10. Keep supplier information easily accessible

“Having detailed, accurate and centralized supplier information is a foundational part of managing relationships with suppliers — from product scoping to payment processing. This information can include quotes, contracts, contact details, locations, remittance information, certifications, performance ratings, risk scores, capabilities, and category coverage.

“Tactically, collecting, verifying, cleansing, and managing supplier information can drive significant cost savings. Strategically, supplier information management can drive greater collaboration and innovation with enterprise suppliers.” — Andrew Bartolini, CPO rising

11. Use technology to simplify the SRM process

“The key to effective SRM [supplier relationship management] is having a system in place that makes it easy to view your suppliers and analyze all of the risk factors. Using SRM technology provides you with full and unparalleled visibility into your supplier base, giving you a detailed picture of what is impacting your supply chain and making it easy to mitigate the risk.” — Mickey North Rizza,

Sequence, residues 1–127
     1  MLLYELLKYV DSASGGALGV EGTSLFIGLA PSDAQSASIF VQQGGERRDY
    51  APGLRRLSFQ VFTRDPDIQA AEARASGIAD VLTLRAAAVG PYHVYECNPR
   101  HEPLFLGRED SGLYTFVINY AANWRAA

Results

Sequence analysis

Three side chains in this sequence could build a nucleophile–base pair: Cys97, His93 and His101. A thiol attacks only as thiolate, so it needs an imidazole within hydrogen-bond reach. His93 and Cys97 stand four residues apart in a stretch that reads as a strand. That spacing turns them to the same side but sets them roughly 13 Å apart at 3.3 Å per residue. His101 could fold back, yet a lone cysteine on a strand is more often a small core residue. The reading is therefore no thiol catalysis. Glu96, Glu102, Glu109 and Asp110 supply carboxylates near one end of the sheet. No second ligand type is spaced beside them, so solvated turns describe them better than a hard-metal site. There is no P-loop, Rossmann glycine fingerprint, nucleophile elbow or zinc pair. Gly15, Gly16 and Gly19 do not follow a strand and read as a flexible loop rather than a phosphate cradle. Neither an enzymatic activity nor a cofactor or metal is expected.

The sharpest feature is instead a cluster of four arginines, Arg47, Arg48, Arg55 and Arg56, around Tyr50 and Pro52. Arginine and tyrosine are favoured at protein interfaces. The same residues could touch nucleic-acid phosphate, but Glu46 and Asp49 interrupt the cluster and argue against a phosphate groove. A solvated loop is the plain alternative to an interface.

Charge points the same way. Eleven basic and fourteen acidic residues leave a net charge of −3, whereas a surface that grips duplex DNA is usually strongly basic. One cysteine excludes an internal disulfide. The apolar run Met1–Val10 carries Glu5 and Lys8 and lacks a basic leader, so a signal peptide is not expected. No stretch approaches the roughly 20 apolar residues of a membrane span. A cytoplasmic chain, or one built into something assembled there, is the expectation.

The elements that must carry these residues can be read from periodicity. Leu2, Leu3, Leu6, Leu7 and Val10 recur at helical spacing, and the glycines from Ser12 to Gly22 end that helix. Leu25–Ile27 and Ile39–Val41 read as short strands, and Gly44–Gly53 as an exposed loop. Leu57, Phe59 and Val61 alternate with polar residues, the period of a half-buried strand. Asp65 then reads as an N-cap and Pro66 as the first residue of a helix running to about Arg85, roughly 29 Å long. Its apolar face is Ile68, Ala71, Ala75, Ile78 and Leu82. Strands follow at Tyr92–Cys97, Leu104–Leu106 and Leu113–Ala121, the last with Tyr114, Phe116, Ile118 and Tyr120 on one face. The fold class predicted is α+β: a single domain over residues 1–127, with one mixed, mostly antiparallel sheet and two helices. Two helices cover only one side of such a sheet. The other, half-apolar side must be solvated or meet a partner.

Resources for additional vendor relationship management research

In addition to the articles cited above (Gartner, Harvard Business Review, Art of Procurement research), there are countless other helpful resources to improve vendor relationship management.

Supplier relationship management: Unlocking the hidden value in your supply base — Book by Jonathan O’Brien